The Memorandum makes it clear that ”Digby” Read had been ploughing up mounds, which it seems he shouldn’t have done, as this made his Agreement void. So, in effect, Cozens Read was taking over the 49 acres that “Digby” Read had, to add to his own acres that he was already renting for more than £300 a year. I think it is fairly safe to assume that “Digby” Read and Cozens Read were related to each other because the land was at a place that I now know was in my family’s occupation for at least 150 years, possibly longer. (And I have been there, been in the farm house and wandered around there, but that is another story to tell later in this blog)!

(Photo of the READ family home/farm for at least 150 years. Cozens Read there from 1735.  House built before 1650 and still extant)

My own photograph taken in 2000 - Lower Winchendon copyright 2010

“Digby” Read does not sign this Memorandum at all but it is signed by Cozens Read and other representatives of the Earl Temple. It’s almost as if the whole deal is done without involving “Digby” Read in any way. They agree that Cozens Read will pay a total sum each year for the land he already holds together with what was “Digby” Read’s land. The Earl Temple will provide ‘ruff timber’ and Cozens Read will make sure that everything is kept in good repair. “Digby” Read will be allowed to plough certain hedge mounds that the Earl or his agents think is ok for him to do, and for this Cozens Read will be allowed ten pounds (sterling) per annum.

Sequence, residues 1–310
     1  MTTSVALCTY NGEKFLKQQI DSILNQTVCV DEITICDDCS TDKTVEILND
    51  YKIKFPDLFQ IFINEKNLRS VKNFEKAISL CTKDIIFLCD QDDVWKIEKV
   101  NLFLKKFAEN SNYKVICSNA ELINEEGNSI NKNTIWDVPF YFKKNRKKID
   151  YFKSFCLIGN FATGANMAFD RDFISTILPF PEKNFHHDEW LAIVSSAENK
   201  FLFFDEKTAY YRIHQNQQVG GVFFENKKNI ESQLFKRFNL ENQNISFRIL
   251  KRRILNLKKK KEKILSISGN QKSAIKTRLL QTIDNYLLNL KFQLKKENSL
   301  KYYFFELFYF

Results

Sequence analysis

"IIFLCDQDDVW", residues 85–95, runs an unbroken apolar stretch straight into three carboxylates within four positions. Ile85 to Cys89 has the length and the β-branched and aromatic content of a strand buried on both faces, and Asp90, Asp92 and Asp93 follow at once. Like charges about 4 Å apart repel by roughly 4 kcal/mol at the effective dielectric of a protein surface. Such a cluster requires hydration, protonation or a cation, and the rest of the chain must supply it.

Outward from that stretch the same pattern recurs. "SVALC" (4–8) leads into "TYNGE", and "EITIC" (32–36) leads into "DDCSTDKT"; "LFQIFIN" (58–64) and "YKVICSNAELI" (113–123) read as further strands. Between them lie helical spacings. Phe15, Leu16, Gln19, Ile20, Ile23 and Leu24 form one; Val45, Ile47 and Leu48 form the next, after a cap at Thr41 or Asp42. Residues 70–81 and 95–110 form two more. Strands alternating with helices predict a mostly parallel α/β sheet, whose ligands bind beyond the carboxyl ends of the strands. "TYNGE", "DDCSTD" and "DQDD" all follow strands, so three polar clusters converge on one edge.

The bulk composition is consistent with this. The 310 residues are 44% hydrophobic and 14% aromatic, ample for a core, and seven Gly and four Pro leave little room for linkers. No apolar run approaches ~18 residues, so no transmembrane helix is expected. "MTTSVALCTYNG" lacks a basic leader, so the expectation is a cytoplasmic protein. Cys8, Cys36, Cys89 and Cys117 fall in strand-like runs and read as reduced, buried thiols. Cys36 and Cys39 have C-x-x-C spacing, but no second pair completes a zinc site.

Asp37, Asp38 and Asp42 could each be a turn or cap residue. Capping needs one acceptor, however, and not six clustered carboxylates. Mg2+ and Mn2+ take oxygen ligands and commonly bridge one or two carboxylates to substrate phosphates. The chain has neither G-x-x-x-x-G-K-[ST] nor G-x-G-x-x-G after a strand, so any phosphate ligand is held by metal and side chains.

So, to me it is almost as if “Digby” Read is an older but very much respected gentleman, who has been ploughing things he shouldn’t have, but they will allow him to plough a certain part of the land which Cozens Read was now taking over from him, and for this Cozens Read was being given an allowance (possibly a reduction in the rent for all the land he paid for each year). As “Digby” Read does not appear to be involved in any way with this Memorandum I feel that Cozens Read and the others involved in this are just dealing with the situation without “Digby” Read’s knowledge, but letting him continue as he has been doing for a while.

Since I received this copy of the Memorandum in 2001, I haven’t been able to find out who “Digby” Read was or how he was related to Cozens Read. I have been stumped by the shortening of the first name, which was either Dg or Dy. I did wonder at some stage if it was Dr. which would maybe mean he was a Doctor of medicine or a Doctor of Divinity or maybe another kind of Doctor. I have hunted everywhere since discovering “Digby” Read to see if I can find anything that would show who he was.

I know all of Cozens Read’s children (well 20, maybe 21 of them) and I know who his siblings are, but maybe not all of them. I know who his parents are and his grandparents. I know who the siblings are of his father. “Digby” Read just does not fit in anywhere as any of these people. So, I am thinking maybe he is an Uncle, Great Uncle or cousin.